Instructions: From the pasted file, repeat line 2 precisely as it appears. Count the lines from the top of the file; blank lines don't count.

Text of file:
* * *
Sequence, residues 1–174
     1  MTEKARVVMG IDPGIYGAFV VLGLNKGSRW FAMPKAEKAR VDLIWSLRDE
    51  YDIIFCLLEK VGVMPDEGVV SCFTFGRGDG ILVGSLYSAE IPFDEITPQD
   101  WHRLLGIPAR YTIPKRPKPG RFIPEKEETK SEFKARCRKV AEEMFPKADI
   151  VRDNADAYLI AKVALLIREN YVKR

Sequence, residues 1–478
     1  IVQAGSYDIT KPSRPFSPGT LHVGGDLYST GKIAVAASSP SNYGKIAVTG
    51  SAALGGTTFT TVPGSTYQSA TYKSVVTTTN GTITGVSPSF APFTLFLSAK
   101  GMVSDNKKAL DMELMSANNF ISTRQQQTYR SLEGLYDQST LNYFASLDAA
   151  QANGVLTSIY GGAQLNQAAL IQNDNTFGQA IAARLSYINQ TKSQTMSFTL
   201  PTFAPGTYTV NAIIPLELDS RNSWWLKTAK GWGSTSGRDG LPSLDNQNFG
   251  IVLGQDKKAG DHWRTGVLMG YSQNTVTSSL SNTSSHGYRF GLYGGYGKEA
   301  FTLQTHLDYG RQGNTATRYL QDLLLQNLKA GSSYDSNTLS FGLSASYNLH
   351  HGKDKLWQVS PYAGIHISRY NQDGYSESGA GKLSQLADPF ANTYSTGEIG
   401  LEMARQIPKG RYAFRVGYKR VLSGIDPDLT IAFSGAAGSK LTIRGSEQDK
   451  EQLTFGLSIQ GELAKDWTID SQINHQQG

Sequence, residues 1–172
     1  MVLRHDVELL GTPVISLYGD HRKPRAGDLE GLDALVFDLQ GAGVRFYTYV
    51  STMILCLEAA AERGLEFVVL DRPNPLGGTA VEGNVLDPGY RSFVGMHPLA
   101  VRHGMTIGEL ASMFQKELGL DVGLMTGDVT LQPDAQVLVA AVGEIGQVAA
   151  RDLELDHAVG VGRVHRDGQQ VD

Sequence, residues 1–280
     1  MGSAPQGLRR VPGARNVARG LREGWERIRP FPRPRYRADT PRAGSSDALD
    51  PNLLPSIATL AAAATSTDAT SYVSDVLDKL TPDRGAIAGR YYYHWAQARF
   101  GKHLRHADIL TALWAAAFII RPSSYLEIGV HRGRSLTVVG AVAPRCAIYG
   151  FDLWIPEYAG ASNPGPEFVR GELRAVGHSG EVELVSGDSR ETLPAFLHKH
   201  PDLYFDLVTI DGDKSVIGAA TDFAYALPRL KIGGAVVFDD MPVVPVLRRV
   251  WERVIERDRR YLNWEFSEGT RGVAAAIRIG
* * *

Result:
     1  MTEKARVVMG IDPGIYGAFV VLGLNKGSRW FAMPKAEKAR VDLIWSLRDE